That is what our founding fathers had in mind when they wrote in the Declaration of Independence, “We hold these truths to be self-evident, that all men are created equal, that they are endowed by their Creator with certain unalienable Rights, among these are Life, Liberty and the Pursuit of Happiness.”

We will settle for nothing less.

Best regards,

Fred Karger
www.RightsEqualRights.com

News Coverage: NOM Ordered to Hand Over Donor Information

Tuesday, June 8th, 2010

From the Maine Public Broadcasting Network:

NOM Ordered to Hand Over Donor Information
06/08/2010 12:03 PM ET

The National Organization for Marriage has been fighting the state’s efforts to find out who bankrolled the group’s $2 million contribution to last year’s successful campaign to overturn the Maine’s gay marriage law.

A federal appeals court in Boston has ordered the National Organization for Marriage to hand over information about its donors to the state.

The group, known by its initials “NOM” contributed nearly $2 million to last year’s successful campaign to overturn Maine’s gay marriage law. Opponents say NOM has failed to comply with the state’s financial disclosure law, a claim that is nowunder investigation by the state Ethics Commission.

NOM, meanwhile, has filed its own constitutional challenge of the state law, and Kate Simmons of the Maine Attorney Generals’ office says Monday’s ruling will help the state defend itself.

“NOM must reveal to the state how they raised the money, for what purpose and who it came from,” she says. “They were the largest single contributor to Stand for Marriage Maine, and as a part of Maine’s campaign finance laws, the state is working to find out how they raised that money and for what purpose.”

The court has ordered that any information handed over by NOM would have to remain confidential. Still, NOM president Brian Brown said Tuesday that his group will appeal the latest ruling to the U.S. Supreme Court.

News Coverage: Magistrate Judge says NOM Should Turn Over Donors’ Names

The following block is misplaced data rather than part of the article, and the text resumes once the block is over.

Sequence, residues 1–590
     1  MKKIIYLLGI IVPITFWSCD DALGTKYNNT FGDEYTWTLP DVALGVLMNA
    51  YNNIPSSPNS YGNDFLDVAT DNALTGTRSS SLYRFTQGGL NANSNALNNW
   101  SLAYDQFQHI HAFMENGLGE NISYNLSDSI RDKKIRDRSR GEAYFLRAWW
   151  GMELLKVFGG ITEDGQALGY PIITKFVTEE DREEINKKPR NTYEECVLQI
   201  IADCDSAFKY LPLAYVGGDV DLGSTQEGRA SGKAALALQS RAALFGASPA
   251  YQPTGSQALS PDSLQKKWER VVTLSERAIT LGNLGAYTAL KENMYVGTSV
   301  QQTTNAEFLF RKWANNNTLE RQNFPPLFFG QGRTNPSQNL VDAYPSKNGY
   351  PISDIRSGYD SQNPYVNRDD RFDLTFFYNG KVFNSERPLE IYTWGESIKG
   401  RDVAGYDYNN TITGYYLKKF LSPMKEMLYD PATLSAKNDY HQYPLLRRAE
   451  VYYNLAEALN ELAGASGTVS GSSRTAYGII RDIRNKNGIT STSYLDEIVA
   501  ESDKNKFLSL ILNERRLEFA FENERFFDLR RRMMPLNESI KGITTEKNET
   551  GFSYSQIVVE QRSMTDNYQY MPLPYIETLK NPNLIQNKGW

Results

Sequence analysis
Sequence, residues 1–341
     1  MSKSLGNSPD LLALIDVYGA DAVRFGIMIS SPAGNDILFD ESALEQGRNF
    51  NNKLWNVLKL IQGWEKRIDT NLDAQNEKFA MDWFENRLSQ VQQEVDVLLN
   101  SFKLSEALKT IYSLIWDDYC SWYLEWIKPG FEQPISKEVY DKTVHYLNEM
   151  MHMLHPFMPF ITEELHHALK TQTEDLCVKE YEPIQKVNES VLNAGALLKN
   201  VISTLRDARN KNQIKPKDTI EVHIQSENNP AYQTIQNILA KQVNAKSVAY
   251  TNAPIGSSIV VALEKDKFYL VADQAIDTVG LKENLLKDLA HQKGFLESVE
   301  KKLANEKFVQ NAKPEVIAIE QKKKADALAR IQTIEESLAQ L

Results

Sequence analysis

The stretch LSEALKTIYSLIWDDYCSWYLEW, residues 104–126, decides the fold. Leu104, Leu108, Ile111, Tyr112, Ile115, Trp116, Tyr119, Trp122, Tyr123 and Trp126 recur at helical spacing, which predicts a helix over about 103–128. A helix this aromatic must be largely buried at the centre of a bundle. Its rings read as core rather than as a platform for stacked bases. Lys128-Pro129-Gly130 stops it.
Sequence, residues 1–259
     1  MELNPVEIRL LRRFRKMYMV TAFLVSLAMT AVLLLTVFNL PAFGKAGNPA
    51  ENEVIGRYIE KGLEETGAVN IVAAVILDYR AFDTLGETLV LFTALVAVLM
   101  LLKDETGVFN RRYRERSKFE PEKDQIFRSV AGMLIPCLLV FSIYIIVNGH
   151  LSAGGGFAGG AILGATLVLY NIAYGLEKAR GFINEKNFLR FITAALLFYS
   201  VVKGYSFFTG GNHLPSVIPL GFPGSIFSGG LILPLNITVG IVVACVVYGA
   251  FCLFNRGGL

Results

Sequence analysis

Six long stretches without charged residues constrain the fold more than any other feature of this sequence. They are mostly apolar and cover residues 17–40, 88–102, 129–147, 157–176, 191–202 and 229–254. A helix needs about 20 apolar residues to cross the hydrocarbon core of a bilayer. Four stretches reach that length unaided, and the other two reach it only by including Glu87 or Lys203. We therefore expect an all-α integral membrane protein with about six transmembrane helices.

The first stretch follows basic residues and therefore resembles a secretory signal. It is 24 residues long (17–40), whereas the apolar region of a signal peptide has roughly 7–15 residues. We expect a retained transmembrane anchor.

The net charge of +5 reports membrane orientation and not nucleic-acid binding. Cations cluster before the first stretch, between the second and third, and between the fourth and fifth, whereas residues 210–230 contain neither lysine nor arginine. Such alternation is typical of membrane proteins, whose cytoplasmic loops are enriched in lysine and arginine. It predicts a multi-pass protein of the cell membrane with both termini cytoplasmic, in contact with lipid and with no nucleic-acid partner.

Monday, May 31st, 2010

From The Maine Public Broadcasting Network:

Magistrate Judge says NOM Should
Turn Over Donors’ Names

A federal magistrate judge has ordered the national group that provided most of the funding to repeal Maine’s same-sex marriage law to turn over information about its donors. The magistrate rejected claims by the National Organization for Marriage that the donor names aren’t relevant to the issue before the court, and that releasing them would have a chilling effect on the group’s future fundraising efforts.

(Listen to the audio at the link)

The National Organization for Marriage, or NOM, contributed $1.9 million dollars to last year’s successful campaign to overturn Maine’s gay marriage law. But NOM has refused to comply with demands from state elections’ officials to hand over the names of donors, as required by Maine law.

While challening the Ethics Commission’s case, NOM has issued its own challenge in federal court, claiming Maine’s elections law is uncontitutional. In a preliminary ruling on evidence in that case filed on Sunday, federal Magistrate John H. Rich III ordered NOM to provide the Maine Attorney General’s office with donor information dating back to January 1st of last year.

“And we’re pleased with the federal magistrate’s preliminary decision that as a part of this litigation, NOM must share information about their donors with the Office of the Attorney General,” says AG spokeswoman Kate Simmons.

Simmons says the magistrate rejected NOM’s claim that releasing the names would have a chilling effect upon future fundraising efforts, in large part because of the court’s requirement that the information be kept confidential. “The information about their donors would only be disclosed to this office, and would not be a public document nor able to be shared with the public at large.”

NOM has claimed that the donor information might be used by the Ethics Commission in its case against the group. Simmons says it’s true that the information could be viewed by the Commission, but the magistrate has ruled that it may not be used against NOM in other legal challenges.

That issue, and others are now under appeal in federal court. While the appeals continue to fly, critics of NOM see the latest ruling as a victory.

“This decision is in keeping with every other decision that we’ve seen, in that they are just crying wolf,” says Fred Karger, founder of the group Californians Against Hate, which has been actively challenging NOM’s refusal to disclose the names of its donors. Karger alleges that they are, largely, members of the Mormon Church.

Karger says he applauds the ruling in Maine as another step in forcing NOM to open its books. “The National Organization for Marriage has spent the last three years trying to avoid that; they’ve conducted their business in secrecy,” Karger says. “They’re under investigation now in two states, and possibly a third, for this very action, and so I just commend the judge magistrate for trying to get to the bottom of their financing, which is one of the great mysteries of the world.”

Ethics Commission Executive Director Jonathan Wayne declined comment on the magistrate’s ruling. A spokesman for NOM could not be reached for comment by airtime.